Finance

Revenue-led Planning: The framework for modern FP&A

A great finance team can answer their business’ hardest questions before anyone else in the company has even thought of them.

Difficult? Yes. But not impossible. And finance is perhaps the only team in a company that can do this.

The finance team knows which salespeople are hitting quota, which marketing channels are working, and when the company will run out of money. More than just the numbers, though, they’re also privy to the softer forces in the business — which teams are underperforming, which managers aren’t scaling, and which employees are in danger of quitting.

Together, this gives finance an unparalleled holistic view into the business: the best vantage point for guiding the decisions that will affect the trajectory of the company.

With many finance teams moving up to this echelon of strategic importance, the question becomes:

What’s stopping every finance team from joining them on their rise

Contents

What's wrong with business planning processes?

Plans are disconnected from operational data

If identifying key trends from data is so critical for finance teams to drive informed decisions, why do less than 40% of finance teams leverage operational data in their planning processes?

The answer: operational data is inaccessible.

Financial data is tightly controlled, audited regularly, and has a fixed structure: the Chart of Accounts. Operational data is the opposite — dozens of source systems (CRM, product databases, analytics tools, etc), each capturing different data in different formats, and each owned and maintained by different teams (if at all).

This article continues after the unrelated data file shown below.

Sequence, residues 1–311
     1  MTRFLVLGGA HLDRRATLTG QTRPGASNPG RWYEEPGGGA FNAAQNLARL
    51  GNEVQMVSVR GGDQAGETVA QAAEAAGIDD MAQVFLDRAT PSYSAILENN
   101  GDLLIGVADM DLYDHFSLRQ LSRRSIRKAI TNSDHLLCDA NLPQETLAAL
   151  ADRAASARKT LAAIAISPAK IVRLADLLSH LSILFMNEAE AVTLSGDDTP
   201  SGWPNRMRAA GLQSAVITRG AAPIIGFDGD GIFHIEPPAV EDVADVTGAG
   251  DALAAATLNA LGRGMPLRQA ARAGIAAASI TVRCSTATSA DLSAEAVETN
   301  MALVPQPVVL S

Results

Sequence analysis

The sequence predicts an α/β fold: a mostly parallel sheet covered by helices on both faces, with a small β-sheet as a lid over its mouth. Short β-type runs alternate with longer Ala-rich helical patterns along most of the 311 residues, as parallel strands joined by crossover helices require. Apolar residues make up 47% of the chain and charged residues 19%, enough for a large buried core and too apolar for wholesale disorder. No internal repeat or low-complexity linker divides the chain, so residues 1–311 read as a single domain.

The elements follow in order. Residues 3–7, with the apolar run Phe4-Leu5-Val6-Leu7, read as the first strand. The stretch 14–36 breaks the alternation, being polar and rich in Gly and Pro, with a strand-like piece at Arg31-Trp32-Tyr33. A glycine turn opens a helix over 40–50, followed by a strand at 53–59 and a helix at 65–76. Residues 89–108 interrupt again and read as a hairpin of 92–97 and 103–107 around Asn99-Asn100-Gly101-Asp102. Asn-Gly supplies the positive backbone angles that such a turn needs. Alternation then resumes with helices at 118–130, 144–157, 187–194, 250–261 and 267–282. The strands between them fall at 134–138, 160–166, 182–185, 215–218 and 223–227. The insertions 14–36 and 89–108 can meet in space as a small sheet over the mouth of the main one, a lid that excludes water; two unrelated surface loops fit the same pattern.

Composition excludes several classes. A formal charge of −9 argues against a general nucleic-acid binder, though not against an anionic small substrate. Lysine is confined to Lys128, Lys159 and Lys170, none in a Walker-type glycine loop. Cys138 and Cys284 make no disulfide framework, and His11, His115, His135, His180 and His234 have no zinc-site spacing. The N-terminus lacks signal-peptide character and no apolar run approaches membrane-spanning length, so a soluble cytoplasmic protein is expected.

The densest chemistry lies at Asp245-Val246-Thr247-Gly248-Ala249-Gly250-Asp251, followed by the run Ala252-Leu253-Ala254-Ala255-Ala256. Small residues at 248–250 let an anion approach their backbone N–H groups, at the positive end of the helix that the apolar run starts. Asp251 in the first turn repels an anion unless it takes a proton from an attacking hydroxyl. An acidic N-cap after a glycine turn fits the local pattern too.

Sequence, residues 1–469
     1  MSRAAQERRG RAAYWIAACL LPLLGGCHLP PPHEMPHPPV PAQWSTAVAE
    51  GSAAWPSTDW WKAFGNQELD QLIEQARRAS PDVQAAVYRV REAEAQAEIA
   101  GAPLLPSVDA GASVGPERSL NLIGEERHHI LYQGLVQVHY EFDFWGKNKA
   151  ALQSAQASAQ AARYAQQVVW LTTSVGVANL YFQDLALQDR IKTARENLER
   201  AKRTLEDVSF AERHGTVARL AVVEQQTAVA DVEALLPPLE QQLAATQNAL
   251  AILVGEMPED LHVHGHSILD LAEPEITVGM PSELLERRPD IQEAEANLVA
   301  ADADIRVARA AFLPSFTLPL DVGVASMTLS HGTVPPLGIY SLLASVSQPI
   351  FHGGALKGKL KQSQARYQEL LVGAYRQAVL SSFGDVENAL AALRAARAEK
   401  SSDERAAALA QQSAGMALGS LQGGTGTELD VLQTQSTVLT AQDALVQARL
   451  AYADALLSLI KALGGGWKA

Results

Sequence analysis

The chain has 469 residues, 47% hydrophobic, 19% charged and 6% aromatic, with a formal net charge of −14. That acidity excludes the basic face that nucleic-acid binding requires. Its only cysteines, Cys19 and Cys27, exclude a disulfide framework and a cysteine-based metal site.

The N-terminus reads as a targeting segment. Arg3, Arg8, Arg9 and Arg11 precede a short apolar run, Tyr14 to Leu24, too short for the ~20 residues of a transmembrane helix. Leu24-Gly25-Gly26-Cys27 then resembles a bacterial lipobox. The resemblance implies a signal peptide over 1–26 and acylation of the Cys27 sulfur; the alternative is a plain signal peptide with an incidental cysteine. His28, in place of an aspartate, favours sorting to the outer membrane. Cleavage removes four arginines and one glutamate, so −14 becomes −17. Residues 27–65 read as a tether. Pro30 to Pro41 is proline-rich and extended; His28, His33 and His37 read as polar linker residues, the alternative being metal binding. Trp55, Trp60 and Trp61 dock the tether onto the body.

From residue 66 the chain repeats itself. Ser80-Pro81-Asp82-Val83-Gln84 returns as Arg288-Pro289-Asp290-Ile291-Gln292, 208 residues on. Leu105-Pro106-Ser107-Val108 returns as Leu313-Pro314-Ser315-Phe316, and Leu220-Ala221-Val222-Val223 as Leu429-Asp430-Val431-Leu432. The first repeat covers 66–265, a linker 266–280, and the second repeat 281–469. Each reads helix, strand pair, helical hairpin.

In the best case, operational data feeds into a data warehouse, which becomes the single source-of-truth for company data. This is pulled into a business intelligence (BI) tool, where it can be visualised by teams.

But for the finance team, there are 2 issues:

  1. Planning is done in spreadsheets (not BI tools) and it’s not easy to connect a data warehouse to Excel/Google Sheets
  2. Financial data (typically from an ERP system) is almost never fed into the data warehouse. Pulling data from an ERP system every month is a significant task in itself, so finance teams don’t have the resources to also grapple with a data warehouse.

What this means is that financial plans are built without enough detail, relying on operational assumptions that are detached from reality, and without the ability to run scenarios based on true operational business drivers to make decisions.

Team plans are disconnected from one another

Modern finance teams have started to lean into business partnering, working closely with stakeholders to improve the quality of analysis and decision-making. But many haven’t taken it far enough.

Today’s business partnering focuses on collaboration with individual stakeholders to better optimize financial plans. Larger companies often have a dedicated Finance Business Partner for each team (e.g. Sales, Marketing, Engineering, Product), while smaller companies may have a single FP&A Analyst working directly with each team lead.

This is clearly better than building financial plans in a silo with little involvement from business teams. But it falls short due to a lack of collaboration across teams and a set of plans and budgets that are disconnected from each other.

But can’t you just connect your spreadsheet tabs with formulas?

Yes, in theory. This works really well for companies under 50 people, and maybe 100-person companies at a stretch. But here you’ll start hitting some roadblocks.

Sensitive data → multiple files → disconnected plans

As the company grows, you won’t be able to share everything with everyone. Example: headcount models with sensitive salary data. So you’ll break those sensitive plans out into separate spreadsheet files that only a few people can access.

You now have multiple files, and if you’ve ever tried to use Workbook Links (Excel) or IMPORTRANGE (Sheets), you’ll know that these are brittle and unreliable, and that it’s much easier to copy-paste the right numbers into your master plan file.

You now have a lot of hardcoded numbers in your model. Your plans are no longer connected and will go out-of-date as soon as you make a change in one place.

More complexity → multiple files → disconnected plans

As your company’s operations expand — new product lines, new geographies, new segments — your financial models and plans will grow in complexity.